benefits are granted to least-developed countries.
Apparel and Third-Country Fabric Provision—AGOA’s
duty-free treatment of certain apparel products is significant
because (1) apparel articles face relatively high U.S. import
tariffs; (2) they are excluded from GSP; (3) they can be
manufactured in developing countries as their production
utilizes lower-skilled labor and requires little capital
investment; and (4) production in this sector can be a firststep toward higher value-added manufacturing. The thirdcountry fabric provision in AGOA, which some argue is
critical to AGOA countries’ competitiveness in the sector,
allows some U.S. apparel imports from least-developed
sub-Saharan African countries to qualify for duty-free
treatment even if the yarns and fabrics used in their
production are imported from non-AGOA countries.
Trade Capacity Building—Unlike other U.S. preference
programs, AGOA directs the President to provide U.S.
government technical assistance and trade capacity building
(TCB) in AGOA beneficiary countries. This assistance aims
to encourage governments to (1) liberalize trade policy; (2)
harmonize laws and regulations with WTO membership
commitments; (3) engage in financial and fiscal
restructuring; and (4) promote greater agribusiness
linkages. The United States Agency for International
Development (USAID) administers certain TCB-related
projects in support of AGOA, including funding for the
three African Trade Hubs, which work to increase AGOA
utilization by beneficiary countries.
Executive Branch Initiatives—AGOA encourages the
President to seek partners in the region for reciprocal free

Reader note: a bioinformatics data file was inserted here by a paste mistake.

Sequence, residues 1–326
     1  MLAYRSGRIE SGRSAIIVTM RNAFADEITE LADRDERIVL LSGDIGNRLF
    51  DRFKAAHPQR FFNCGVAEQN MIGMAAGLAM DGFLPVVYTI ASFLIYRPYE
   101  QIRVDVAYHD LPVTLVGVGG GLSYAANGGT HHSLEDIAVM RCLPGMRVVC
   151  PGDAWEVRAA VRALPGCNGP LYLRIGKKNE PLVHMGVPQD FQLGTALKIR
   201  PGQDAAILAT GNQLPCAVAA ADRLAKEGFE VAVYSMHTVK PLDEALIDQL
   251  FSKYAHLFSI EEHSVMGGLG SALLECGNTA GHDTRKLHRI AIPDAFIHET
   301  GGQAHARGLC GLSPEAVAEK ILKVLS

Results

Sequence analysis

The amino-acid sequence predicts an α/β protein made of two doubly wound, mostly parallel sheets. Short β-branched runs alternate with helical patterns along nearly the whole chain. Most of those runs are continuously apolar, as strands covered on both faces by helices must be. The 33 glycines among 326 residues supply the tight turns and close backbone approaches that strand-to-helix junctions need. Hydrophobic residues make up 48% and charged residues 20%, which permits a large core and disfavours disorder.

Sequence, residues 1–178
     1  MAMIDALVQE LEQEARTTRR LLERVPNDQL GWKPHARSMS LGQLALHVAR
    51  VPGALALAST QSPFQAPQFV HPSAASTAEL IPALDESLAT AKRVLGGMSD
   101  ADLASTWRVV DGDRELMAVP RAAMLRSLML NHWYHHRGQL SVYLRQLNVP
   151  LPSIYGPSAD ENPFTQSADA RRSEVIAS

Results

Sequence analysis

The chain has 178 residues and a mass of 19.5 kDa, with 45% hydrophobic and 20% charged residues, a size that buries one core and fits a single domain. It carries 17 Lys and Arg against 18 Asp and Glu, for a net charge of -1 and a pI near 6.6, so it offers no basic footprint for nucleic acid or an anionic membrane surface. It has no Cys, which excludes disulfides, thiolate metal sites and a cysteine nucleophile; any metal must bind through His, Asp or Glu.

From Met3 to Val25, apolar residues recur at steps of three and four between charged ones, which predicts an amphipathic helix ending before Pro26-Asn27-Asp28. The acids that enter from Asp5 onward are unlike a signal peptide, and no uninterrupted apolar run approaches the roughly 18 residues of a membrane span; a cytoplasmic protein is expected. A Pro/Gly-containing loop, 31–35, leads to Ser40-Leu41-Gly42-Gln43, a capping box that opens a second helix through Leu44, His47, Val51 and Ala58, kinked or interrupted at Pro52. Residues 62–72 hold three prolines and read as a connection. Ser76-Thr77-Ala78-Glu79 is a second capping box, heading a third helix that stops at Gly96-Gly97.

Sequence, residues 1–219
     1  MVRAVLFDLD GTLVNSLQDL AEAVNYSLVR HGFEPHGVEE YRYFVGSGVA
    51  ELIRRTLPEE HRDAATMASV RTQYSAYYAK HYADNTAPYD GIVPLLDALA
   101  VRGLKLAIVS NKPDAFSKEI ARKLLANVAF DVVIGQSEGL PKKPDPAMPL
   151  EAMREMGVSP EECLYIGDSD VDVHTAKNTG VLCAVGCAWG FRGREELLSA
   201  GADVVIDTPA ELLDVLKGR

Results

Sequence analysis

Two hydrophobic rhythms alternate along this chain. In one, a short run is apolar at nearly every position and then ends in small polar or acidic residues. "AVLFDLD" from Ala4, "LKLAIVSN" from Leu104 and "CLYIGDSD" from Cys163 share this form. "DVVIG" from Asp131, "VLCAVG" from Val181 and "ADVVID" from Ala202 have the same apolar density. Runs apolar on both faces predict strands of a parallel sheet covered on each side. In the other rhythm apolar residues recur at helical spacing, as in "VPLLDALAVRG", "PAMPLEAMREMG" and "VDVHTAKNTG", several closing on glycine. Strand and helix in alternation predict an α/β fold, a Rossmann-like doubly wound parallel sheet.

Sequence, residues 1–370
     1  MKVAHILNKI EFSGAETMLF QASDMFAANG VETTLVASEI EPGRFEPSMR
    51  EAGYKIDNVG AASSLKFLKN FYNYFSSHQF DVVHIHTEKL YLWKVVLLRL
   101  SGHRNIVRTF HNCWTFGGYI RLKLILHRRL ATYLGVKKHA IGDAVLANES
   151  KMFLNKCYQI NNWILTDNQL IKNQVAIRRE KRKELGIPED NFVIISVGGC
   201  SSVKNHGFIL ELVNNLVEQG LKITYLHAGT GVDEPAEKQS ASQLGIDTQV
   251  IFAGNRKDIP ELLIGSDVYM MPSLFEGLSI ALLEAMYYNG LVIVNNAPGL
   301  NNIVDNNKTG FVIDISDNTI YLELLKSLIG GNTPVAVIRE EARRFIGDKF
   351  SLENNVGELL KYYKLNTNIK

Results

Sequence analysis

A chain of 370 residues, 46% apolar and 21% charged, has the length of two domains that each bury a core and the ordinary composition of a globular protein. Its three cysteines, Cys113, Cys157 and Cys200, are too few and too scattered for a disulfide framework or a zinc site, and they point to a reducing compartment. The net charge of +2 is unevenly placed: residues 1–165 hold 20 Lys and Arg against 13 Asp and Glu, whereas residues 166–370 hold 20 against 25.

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African Growth and Opportunity Act (AGOA)
trade agreements (FTAs). Negotiations were initiated with
the South African Customs Union (SACU), but were
eventually suspended in 2006. Until the provision expired
in 2008, AGOA also required the President to report
annually to Congress on U.S. trade and investment policy
toward sub-Saharan Africa and AGOA implementation.
AGOA also directs the Overseas Private Investment
Corporation (OPIC), Export-Import Bank, and U.S. Foreign
Commercial Service to expand their activities in subSaharan Africa.
AGOA Forum—AGOA requires the President to convene
an annual forum to discuss expanding trade and investment
relations and the implementation of AGOA. The 13th
AGOA Forum took place in Washington D.C. on August 4,
2014, in conjunction with the larger U.S.-Africa Leaders
Summit, and focused on AGOA’s potential renewal.
Utilization of benefits— In 2014, over 70% of U.S. nonenergy imports under AGOA came from South Africa, and
AGOA exports were less than $1 million for the majority of
countries. Some view AGOA country export strategies and
greater targeting of TCB toward potentially competitive
industries as important to increase use of the program.
U.S. Imports Under AGOA
U.S. non-energy imports under AGOA have grown from
$1.3 billion in 2001 to $4.4 billion in 2014, but they remain
highly concentrated in select countries and industries.
• U.S. imports under AGOA were $14.2 billion in 2013.
• Crude oil accounted for 68% of U.S. AGOA imports,
but crude imports have declined by more than $40
billion since 2011, largely due to U.S. production.
Angola, Nigeria, Chad, Gabon, and Republic of Congo